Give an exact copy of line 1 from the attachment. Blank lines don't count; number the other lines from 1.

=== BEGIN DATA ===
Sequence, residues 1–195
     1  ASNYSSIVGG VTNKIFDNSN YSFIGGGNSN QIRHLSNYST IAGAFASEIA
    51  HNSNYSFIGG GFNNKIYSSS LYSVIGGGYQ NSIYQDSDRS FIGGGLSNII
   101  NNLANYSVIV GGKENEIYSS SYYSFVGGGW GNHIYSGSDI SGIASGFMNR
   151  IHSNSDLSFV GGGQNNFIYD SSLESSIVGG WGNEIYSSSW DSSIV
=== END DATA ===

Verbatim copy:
Sequence, residues 1–195